Going stratospheric: Thames & Kosmos details its latest board game successes

How is the games market shaping up for you guys?

We have been very lucky to have Kosmos’ great reputation for board games behind us and so our introduction into the games market has been easier than most.

Kosmos Games has been awarded many Spiel Des Jahres awards and nominations, and we have so many great titles to translate that we can choose how we develop the range. This year our games are going into some major retailers, so I think we’ll really put our stamp on the market.

This year you unveiled 12 new board games at London Toy Fair. Which of these are you most excited about?

I have to say the Exit Games, (of which there are three in the range). The escape room phenomenon has been sweeping through the UK, and our Exit Games are based on the same principal, so the launch is timed perfectly.

We’re confident they’ll prove popular and the English-language editions have been highly anticipated – the Exit Games were released in Germany in November and sold over 100,000 units before Christmas. At £13 each RRP, they are a very cost effective way for people to experience the escape room trend. We’ll be adding three titles to the range next year.

What new games should fans and retailers look out for from you guys throughout 2017?

In September, bestselling author Ken Follett is launching a new book called A Column of Fire, which we have adapted into a board game to be launched simultaneously.

The game is shrouded in secrecy at the moment, but it plays incredibly well, and will be popular with the legions of Ken Follett fans and gamers alike.

For families, Kerala is a really fun and beautifully presented game, whereby the player has to make elephant platforms for the Kerala Elephant Festival. The rules are so simple that any family member can play, but there’s a very strategic element to keep it fun.

Last year you teamed up with Mattel for new Barbie themed science kits. How well have these performed for you guys?

We feel passionately that it is important for science to be for – and to appeal to – everyone. So we wanted to partner with a brand that inspires storytelling and imagination to create a new and exciting project that would stay true to the Barbie brand, opening up a new audience, who historically may not have been interested in a Thames & Kosmos product.

This strongly reinforces our company ethos that knowledge of STEM subjects will improve the future of every child.

You guys exhibited at London Toy Fair this year. How important are industry events like these to you guys?

We absolutely have to be at London Toy Fair, it’s where all our major customers come to see us and where we unveil our new catalogue portfolio. We have also exhibited at Spring Fair for the last five years, and Autumn Fair for the last two.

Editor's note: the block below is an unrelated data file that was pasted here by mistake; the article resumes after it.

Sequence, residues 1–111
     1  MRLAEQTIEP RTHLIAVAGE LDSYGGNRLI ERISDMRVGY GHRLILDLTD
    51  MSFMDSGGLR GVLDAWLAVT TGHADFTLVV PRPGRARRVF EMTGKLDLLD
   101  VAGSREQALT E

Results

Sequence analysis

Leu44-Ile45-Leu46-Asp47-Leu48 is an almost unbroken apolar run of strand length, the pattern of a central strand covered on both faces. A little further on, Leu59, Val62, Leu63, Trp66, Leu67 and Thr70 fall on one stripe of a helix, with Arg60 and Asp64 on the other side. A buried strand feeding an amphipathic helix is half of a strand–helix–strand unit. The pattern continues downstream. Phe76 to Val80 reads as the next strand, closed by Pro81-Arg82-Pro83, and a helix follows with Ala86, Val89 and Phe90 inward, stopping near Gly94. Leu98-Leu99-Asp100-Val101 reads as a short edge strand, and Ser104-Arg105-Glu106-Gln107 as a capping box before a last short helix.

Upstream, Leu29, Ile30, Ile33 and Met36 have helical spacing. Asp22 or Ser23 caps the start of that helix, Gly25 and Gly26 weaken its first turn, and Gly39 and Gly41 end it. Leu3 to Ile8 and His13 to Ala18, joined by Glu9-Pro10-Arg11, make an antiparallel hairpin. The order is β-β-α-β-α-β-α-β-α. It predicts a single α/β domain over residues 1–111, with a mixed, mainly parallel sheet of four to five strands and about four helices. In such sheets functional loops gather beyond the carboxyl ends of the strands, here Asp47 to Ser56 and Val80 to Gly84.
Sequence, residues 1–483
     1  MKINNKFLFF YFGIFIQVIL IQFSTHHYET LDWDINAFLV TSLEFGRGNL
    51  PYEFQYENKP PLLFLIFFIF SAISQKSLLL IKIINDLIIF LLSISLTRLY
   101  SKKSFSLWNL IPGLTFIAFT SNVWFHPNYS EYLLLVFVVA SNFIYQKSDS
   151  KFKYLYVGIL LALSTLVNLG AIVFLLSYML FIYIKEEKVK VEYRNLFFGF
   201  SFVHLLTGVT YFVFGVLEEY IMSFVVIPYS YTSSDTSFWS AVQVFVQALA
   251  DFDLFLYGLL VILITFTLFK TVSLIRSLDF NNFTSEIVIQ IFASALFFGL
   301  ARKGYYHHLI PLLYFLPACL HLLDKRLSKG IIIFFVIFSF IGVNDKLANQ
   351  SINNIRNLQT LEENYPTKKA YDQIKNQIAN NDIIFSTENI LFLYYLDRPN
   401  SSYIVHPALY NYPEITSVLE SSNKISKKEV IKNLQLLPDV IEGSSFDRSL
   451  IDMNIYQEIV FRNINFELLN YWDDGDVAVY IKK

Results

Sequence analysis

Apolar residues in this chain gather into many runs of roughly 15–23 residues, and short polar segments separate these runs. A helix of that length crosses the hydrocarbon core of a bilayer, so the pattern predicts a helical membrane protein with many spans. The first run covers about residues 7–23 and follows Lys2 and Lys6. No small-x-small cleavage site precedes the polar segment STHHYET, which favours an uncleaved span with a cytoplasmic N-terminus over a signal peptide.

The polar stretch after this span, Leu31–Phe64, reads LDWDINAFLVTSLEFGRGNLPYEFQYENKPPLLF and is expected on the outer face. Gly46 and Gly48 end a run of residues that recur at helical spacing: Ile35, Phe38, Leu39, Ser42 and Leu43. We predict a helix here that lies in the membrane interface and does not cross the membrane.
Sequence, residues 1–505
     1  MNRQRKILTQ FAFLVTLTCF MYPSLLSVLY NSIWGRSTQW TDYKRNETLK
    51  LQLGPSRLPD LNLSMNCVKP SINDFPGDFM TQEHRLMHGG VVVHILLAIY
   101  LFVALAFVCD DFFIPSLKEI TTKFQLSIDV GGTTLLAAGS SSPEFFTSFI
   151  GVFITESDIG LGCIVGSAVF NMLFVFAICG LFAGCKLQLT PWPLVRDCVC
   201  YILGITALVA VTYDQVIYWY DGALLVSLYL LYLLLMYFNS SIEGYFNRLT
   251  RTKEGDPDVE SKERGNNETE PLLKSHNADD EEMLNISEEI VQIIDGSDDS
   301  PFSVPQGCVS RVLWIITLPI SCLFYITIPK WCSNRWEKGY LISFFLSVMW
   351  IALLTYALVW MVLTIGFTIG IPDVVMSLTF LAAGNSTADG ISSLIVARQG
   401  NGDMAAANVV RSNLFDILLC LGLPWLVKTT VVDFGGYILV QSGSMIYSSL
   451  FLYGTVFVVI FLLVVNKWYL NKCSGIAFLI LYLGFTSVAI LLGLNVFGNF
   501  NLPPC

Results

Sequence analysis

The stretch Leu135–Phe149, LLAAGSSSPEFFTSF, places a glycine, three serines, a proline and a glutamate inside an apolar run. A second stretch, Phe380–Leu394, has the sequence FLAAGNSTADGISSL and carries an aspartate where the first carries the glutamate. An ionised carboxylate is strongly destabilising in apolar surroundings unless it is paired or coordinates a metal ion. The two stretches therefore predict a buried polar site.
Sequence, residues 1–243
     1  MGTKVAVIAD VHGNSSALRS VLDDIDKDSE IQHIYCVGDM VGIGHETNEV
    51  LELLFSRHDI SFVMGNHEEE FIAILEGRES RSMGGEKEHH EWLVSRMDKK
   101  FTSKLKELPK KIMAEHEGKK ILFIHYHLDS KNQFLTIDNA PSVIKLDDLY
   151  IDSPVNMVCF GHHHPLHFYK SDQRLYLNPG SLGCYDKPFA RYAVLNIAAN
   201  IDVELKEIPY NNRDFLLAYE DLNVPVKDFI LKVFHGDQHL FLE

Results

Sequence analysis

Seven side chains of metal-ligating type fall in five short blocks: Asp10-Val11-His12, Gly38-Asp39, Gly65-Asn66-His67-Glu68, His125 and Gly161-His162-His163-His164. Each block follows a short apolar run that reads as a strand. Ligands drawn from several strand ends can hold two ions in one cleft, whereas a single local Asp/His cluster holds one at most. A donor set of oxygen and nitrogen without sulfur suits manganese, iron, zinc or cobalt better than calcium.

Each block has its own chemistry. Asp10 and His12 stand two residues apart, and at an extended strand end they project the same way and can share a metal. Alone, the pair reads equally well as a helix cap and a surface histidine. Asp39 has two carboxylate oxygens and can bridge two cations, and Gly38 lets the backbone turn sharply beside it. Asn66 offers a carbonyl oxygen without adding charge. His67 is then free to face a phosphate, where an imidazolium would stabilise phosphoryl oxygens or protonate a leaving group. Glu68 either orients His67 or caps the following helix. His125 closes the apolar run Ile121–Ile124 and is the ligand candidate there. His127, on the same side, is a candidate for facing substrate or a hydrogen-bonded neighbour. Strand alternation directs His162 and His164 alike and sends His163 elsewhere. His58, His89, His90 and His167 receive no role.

We like to try out a new industry trade fair every year, so that we can mix it up a bit, and we all thoroughly enjoy them.

The popularity in board games is constantly on the rise and we are now starting to see an abundance of board game cafés open. Why do you think that is?

I think that the rise in popularity of board game cafés is partly because the British tradition of going to the pub is getting more expensive and so people want to be entertained at the same time.

Also, people are stimulated by different forms of digital media all day, and so it’s good to be able to put down the electronic devices, and get back to basics.

Code Gamer was named the 2017 tech toy of the year; do you think you’ll add more tech games into your portfolio in the future?

Yes, we are working on more tech toys all the time. We launched Happy Atoms this year, which is a very unique product encouraging learning about atoms through an app, and Robotics Workshop (available from September), which is another toy that teaches coding.

What does 2017 have in store for Thames & Kosmos?

Aside from moving into new premises complete with showroom and play space for product research, we were excited to be approached by technology firm Acer, who we’re partnering with to develop a coding kit for their summer schools.

These kits will subsequently be rolled out to the education sector as a classroom kit, which is a new market for us.

We are also partnering with our neighbouring Maidstone Museum to offer board game nights in the summer, which I’m really looking forward to.

About Robert Hutchins

Robert Hutchins is the editor of Licensing.biz and ToyNews. Hutchins has worked his way up from Staff Writer to the position of Editor across the two titles, having spent almost eight years with both ToyNews and Licensing.biz, and what now seems like a lifetime surrounded by toys. You can contact him by emailing robert.hutchins@biz-media.co.uk or calling him on 0203 143 8780 You can even follow him on Twitter @RobGHutchins if ranting is your thing...

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